I told you, NO! Let no one leave any of it over till the morning!

Little wonder why the prophet was angry!  No matter how great the sign, these people refused to trust; to obey; to rest; to listen.

God just keeps on giving, though.  And the prophet just keeps on speaking.  The prophet just keeps on doing what they would not – listening, trusting, resting, and obeying, God.

The children of God were angry.  The prophet of God was angry.  The former were being unbelievably selfish.  The latter was being amazingly obedient.  God was being God.

Is that OK?  Is that good enough for you, kids?  Can God just be God and people just be people and prophets just be prophets?  Will you stop complaining now?

No, God.  That’s not good enough.  We want extra food.  We don’t trust you.  We don’t trust your prophets.  We don’t trust your providence.  Let us hide some in our pockets.  Let us store some in our tents.

I told you, NO!  I am God and you are not.  Listen to me.  Obey me.  Trust me.  Eat.  Rest.  If you don’t, your ‘extra food’ is going to rot anyway.  Self-sufficient psuedo-control is the most vain thing you can ever attempt.  Let ME be God.  Trust my prophet.  Do not worry.  I have you in my hand.

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police

“Others first.”

“Listen, don’t talk.”

“Did you obey?”

“Don’t hit!”

These are my very famous one-liners.  Officer Mom always gets the last word when it comes to conflict between four sisters. I feel like I say these things so repeatedly that maybe they do not mean what I think they mean.

Funny, I wanted to be a police officer at one point. God said, “No.”  Could this be him fulfilling the desires of my heart?  Maybe he is just showing me why it wasn’t what I really wanted!

When the children were young, I always tried to keep it simple.  Now that three of my four are getting a little older, I find that my one-liner toddler tips are still my go-to’s.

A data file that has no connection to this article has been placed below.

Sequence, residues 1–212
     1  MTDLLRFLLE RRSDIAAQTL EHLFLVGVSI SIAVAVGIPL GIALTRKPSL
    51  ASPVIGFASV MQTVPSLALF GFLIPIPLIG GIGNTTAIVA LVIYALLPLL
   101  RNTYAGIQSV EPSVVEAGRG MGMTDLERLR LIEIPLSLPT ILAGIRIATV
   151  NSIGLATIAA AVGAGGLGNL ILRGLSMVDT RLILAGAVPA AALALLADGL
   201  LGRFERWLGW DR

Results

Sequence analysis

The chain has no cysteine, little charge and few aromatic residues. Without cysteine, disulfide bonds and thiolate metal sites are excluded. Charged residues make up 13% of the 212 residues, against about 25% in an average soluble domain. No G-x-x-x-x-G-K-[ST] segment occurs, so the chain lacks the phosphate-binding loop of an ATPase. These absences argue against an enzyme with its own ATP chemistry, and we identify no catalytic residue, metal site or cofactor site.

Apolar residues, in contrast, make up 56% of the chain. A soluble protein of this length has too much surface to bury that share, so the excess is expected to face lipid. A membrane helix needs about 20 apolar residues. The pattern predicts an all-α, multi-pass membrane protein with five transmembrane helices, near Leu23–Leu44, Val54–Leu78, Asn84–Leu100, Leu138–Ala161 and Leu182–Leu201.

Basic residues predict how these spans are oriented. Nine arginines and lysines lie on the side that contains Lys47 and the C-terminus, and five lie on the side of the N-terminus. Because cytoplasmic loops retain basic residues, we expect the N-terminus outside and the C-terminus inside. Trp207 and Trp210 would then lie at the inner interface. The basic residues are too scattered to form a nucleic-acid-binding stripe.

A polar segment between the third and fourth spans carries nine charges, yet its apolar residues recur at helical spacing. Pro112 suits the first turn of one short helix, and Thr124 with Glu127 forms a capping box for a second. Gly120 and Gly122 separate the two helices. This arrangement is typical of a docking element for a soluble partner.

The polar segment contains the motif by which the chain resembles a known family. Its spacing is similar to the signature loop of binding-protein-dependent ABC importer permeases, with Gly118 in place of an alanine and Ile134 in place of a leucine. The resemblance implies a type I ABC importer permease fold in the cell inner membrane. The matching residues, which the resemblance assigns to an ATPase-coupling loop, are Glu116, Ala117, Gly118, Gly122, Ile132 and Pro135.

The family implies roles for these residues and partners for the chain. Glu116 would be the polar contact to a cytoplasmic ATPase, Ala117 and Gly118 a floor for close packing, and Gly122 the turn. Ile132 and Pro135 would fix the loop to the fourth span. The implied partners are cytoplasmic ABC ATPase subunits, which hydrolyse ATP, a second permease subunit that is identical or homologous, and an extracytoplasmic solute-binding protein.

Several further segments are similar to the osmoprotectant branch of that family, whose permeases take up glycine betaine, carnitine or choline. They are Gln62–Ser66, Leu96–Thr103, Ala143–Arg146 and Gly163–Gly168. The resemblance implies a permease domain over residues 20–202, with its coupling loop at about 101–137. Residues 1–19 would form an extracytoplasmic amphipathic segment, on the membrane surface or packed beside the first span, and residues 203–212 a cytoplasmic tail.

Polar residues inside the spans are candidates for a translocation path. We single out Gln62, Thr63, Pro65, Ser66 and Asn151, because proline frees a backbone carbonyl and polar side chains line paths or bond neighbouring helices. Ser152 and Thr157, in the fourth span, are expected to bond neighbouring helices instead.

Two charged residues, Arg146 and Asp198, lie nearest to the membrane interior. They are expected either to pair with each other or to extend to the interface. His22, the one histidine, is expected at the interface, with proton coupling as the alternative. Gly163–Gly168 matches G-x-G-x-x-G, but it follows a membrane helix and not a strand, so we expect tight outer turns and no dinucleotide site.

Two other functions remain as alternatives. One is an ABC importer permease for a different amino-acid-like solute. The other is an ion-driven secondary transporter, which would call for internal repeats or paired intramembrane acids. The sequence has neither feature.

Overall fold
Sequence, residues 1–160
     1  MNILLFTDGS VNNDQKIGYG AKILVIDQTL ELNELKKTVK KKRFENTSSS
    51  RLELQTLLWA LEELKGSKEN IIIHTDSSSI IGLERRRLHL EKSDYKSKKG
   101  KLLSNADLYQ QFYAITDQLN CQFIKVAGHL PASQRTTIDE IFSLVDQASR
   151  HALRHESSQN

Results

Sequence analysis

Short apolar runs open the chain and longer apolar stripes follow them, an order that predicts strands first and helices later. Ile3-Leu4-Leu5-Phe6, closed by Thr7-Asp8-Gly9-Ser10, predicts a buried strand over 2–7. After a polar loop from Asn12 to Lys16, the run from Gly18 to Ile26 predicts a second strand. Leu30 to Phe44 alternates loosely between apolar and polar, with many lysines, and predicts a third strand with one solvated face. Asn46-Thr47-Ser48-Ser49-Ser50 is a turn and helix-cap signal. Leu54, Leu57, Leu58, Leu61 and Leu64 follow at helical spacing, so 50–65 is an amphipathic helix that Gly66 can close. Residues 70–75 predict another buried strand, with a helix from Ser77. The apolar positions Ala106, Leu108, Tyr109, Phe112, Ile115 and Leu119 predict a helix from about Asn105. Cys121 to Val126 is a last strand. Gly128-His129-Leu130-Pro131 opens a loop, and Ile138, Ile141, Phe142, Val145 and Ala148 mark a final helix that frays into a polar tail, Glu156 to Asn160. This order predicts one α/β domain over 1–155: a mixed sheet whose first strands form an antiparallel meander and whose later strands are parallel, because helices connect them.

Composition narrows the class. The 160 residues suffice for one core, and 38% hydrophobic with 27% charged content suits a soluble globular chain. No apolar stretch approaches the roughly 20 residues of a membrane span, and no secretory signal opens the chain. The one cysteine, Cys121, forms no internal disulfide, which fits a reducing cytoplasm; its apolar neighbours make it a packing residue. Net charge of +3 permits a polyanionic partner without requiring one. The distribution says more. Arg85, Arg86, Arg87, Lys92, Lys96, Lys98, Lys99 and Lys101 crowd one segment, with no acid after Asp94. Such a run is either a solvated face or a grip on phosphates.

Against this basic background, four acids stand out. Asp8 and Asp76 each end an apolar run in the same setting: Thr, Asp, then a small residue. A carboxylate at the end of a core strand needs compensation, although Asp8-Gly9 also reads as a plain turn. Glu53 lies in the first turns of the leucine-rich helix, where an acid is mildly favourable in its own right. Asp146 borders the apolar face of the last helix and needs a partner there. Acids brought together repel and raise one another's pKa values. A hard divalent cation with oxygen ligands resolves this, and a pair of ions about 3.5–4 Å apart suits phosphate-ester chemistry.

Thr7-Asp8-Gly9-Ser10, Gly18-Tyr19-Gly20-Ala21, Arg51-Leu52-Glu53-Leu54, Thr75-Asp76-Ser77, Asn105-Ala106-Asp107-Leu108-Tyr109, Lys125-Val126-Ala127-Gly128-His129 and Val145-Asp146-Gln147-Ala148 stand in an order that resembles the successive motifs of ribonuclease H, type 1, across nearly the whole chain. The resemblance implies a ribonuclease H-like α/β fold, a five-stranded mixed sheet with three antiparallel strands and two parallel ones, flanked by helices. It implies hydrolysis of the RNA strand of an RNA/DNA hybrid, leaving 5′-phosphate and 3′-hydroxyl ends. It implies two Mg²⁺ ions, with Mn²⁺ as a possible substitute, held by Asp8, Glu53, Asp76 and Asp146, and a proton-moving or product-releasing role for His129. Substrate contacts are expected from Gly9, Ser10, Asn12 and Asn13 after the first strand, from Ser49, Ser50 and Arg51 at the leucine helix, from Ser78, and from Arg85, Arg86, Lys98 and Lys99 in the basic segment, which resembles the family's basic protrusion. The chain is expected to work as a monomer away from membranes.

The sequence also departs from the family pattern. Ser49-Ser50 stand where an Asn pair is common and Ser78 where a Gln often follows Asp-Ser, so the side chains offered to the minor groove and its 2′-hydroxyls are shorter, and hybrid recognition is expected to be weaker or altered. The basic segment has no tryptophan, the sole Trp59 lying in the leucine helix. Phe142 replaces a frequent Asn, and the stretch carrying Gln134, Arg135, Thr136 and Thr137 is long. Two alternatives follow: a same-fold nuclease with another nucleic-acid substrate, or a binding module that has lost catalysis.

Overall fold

I don’t mean to insult my kids’ intelligence.  The truth is that conflict has nothing to do with intelligence.  It has to do with the heart.  And the heart, my friends, is a hard nut to crack.  Not complicating interpersonal conflict within our family often means that we must deal with the heart in very direct ways much more often than we must deal with the details of how those hearts got there.  My goal is always to convey a clear, concise message that gets to the very heart of whatever sibling issue we are facing.  Therefore, these short responses to conflict are meant to make my daughters think about their own heart and help them understand where the root problem really is.

When one won’t share and the other is indignant, “Others first” addresses both hearts.  When one talks over another, interrupts, or disregards what the other is saying in order to share what seems far more important to them, “Listen, don’t talk” is a good place to start to check motives.  When there are excuses flying like 747’s through my living room, “Did you obey?” answers them all.  When emotions are high and smooth sounding justification is brewing on all sides, “Don’t hit” is the best I can do to keep the peace.

Interestingly, it usually is not the one who is most “wrong” in the conflict who gets punished.  It is the one who resorts to unchecked selfishness, uncontrolled rage, or unrepentant attitudes that gets the most severe discipline. It becomes less about what happened and more about what is happening…because what is happening tells me a lot about what happened.